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    I had thought of doing this in my conservatory. It currently has an HR92 and water filled radiator connected to the central heating. It is sort of at the end of the line and struggles to generate enough heat. Thus my thinking of replacing this with an electric radiator. I considered an Evohome connection but then realised the easiest and cheapest solution is just a normal radiator designed for a conservatory with a thermostat and time switch. A lot come with them built in. I have not done it yet but at some time need to. Strikes me as cheaper and simpler than going the Evohome route for a small scale task.

  5. #5
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    Keep in mind that the temperature regulation of those wall mounted electric radiators with built in thermostat is pretty darn awful due to the proximity of the sensor to the very hot element.

    Far worse than a locally sensing HR92 let alone a remote wall mounted sensor. The poor temperature accuracy of that kind of radiator would annoy me, as would the constant manual adjustments required to keep the room temperature comfortable in changing conditions. I should know - we have one in our office at work!

  6. #6
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    Quote Originally Posted by DBMandrake View Post
    Keep in mind that the temperature regulation of those wall mounted electric radiators with built in thermostat is pretty darn awful due to the proximity of the sensor to the very hot element.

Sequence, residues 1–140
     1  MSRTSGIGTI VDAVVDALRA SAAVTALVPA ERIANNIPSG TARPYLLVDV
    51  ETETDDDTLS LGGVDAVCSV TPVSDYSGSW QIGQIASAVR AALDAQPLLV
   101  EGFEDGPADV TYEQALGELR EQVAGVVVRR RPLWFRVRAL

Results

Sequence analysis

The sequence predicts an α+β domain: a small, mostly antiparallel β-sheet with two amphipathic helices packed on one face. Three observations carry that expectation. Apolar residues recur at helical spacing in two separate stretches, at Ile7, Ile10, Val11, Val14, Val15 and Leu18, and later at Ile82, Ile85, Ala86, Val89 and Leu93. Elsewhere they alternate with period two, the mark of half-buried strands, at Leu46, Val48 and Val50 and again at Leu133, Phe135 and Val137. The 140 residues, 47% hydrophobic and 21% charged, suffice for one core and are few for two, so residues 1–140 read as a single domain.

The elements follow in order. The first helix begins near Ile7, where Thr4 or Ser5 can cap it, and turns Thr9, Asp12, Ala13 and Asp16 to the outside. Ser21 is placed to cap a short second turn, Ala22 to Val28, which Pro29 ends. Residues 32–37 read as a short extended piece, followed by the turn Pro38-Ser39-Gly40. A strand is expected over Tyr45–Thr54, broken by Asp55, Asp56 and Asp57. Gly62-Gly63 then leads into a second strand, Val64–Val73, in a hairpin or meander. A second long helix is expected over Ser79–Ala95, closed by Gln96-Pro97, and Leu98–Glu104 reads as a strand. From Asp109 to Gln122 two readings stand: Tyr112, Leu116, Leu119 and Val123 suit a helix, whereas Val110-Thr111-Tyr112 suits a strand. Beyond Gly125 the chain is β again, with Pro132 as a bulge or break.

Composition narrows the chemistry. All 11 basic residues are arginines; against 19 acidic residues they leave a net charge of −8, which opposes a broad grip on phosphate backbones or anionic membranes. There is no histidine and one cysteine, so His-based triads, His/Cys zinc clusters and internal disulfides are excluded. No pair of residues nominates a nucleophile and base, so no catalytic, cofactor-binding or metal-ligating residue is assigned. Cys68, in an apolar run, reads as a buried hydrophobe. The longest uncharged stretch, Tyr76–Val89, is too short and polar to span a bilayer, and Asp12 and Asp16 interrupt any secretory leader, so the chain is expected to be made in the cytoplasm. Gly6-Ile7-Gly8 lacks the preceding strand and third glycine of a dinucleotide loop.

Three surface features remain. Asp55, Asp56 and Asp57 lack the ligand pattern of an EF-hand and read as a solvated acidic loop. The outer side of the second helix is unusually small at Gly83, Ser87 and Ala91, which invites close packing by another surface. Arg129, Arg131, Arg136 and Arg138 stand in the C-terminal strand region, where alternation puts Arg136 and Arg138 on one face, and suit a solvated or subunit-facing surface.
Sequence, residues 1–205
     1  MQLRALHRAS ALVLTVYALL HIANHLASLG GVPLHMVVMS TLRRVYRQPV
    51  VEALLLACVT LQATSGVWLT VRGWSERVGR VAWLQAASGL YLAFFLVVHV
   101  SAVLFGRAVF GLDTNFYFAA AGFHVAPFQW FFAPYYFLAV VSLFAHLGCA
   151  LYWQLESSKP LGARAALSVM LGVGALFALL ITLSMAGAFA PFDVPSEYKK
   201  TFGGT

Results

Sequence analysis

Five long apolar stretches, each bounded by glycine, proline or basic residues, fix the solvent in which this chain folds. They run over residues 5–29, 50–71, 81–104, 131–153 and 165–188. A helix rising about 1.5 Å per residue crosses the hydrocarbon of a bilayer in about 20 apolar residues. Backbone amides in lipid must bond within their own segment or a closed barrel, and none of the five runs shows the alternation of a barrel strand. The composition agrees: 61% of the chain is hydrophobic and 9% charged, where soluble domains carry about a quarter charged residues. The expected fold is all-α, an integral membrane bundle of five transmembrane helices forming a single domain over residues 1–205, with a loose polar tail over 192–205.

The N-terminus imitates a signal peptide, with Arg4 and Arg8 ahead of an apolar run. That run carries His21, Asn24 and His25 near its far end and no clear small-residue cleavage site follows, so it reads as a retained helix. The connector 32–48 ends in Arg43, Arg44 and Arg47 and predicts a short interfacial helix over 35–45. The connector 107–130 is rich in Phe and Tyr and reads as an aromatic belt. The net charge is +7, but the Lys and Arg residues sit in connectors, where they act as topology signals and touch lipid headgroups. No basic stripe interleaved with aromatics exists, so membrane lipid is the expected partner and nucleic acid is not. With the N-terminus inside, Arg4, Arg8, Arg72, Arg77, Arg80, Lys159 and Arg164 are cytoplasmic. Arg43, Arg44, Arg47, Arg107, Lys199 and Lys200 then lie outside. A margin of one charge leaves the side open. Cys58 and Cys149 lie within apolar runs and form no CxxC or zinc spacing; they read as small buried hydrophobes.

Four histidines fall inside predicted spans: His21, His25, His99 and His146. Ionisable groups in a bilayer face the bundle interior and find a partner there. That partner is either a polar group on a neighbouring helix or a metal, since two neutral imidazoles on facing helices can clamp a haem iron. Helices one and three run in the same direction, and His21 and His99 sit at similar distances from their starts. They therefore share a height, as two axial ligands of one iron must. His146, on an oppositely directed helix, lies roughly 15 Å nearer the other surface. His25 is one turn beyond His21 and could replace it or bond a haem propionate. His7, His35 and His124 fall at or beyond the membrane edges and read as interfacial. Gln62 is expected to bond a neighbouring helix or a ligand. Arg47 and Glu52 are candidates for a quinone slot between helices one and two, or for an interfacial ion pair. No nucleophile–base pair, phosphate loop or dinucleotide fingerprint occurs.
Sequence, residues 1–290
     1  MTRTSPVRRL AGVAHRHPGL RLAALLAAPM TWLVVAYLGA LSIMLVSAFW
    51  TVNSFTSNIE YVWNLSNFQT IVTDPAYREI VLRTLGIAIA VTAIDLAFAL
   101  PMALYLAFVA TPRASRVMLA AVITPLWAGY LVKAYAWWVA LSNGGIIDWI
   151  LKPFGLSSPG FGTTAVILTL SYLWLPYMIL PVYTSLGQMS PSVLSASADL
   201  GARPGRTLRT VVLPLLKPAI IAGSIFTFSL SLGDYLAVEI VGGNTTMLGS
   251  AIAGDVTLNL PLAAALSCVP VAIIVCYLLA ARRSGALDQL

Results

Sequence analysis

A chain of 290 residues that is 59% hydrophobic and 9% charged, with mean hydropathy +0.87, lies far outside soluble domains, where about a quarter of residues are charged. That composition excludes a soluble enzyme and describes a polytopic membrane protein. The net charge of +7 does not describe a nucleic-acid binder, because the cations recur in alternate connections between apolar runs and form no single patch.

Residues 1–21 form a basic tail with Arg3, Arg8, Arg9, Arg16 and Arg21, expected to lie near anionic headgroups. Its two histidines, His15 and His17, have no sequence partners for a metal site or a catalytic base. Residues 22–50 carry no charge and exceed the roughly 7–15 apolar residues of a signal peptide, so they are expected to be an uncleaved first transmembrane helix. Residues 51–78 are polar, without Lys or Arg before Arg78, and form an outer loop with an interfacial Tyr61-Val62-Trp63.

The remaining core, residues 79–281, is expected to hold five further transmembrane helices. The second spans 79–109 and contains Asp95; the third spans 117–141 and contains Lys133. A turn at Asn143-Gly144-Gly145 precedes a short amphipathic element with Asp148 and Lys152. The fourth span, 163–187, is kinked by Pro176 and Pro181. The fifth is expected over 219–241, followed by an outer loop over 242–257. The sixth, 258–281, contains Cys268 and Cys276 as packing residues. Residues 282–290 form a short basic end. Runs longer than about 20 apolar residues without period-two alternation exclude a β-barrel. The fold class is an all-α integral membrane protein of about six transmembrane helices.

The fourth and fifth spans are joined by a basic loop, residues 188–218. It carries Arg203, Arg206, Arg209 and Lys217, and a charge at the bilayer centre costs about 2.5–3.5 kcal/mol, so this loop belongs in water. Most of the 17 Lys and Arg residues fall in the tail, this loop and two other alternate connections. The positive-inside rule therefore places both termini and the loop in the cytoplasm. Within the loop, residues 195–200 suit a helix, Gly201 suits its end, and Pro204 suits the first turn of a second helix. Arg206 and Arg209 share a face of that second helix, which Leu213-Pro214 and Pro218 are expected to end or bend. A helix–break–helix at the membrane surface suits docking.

Far worse than a locally sensing HR92 let alone a remote wall mounted sensor. The poor temperature accuracy of that kind of radiator would annoy me, as would the constant manual adjustments required to keep the room temperature comfortable in changing conditions. I should know - we have one in our office at work!
    Yes, but the ones I looked at have remote sensors. Far more accurate.

  7. #7
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    Quote Originally Posted by paulockenden View Post
    You can use an HC60NG instead of a BDR91 - that gives you 10A resistive load rather than 5A. But I guess that still might not be enough.

    Most underfloor heating suppliers will sell you a relay box for around £50 (although you could easily make one for less than a tenner). Or you could be fancy and use a Solid State Relay - no clicks on nearby radios then every time the contacts spark! Just donít buy a cheap SSR on eBay - Iíve had two of those fail.
    I have done this With an Electric Heater in A Bedroom HC60NG and a Round Stat as Temp Sensor all Done through Evohome Electric Zone, Works Perfect Using Evo means I can schedule Zone or Switch it on From Phone on way home etc

  8. #8
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    I would be careful driving any load directly on the relay boxes, even the 10A ones. Much better to use them to drive a contactor which then handles the load.
    Also if you are making a contactor using a SSR buy a decent one and mount it on a heatsink. I use a SSR to drive my cylinder immersion as part of a self built solar diversion set up. I bought the SSR from RS, comes with a LED and a current limiting resistor inside the SSR itself.